Three months ago, I was diagnosed with ADHD with some indicators of dyspraxia.
Attention Deficit (Hyperactivity) Disorder is a specific learning difficulty that affects attention control. The common misconception is that it is about having poor concentration, but really it is about being unable to choose what to pay attention to. I take in absolutely everything in front of me, which then leads me to think about ten other things that relate to that. My friends often joked about me lacking focus, lacking self-control and always being too energetic and happy.
Immediately after finding out, I felt relief, because for a long time I knew something was off. For the first two years I was a university student, I arguably scraped by – an experience I assumed was the norm. When I started my placement year, working full time in higher education, sitting at my desk and doing certain tasks was extremely difficult.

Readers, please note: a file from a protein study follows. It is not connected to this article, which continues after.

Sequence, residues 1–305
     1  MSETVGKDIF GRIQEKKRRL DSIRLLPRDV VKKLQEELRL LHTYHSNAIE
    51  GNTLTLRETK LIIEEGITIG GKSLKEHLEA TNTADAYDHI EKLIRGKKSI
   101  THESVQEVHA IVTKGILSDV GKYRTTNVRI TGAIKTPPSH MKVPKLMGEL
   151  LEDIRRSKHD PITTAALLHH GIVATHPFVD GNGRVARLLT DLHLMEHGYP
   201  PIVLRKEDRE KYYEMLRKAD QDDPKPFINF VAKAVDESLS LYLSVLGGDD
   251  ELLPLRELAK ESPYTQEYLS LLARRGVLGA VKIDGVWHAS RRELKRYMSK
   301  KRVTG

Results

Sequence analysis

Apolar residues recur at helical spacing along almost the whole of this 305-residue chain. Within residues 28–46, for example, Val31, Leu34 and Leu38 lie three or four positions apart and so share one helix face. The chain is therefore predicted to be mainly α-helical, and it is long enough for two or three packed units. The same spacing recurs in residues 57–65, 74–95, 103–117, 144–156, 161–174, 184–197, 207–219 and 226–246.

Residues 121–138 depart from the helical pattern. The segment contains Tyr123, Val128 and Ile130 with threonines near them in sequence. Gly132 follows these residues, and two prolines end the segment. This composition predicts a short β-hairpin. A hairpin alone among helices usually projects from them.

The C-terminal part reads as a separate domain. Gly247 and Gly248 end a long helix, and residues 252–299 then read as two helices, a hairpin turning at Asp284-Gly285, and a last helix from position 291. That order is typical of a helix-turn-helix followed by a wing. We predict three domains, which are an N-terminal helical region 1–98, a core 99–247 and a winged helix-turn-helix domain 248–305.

Possible effects ADHD include acting without thinking; difficulty completing tasks and merging deadlines; difficulties with time management; taking on more than they can achieve; difficulty giving close attention to details and making careless mistakes; organisational difficulties and losing things. Working full time, this is where my diagnosis started to show.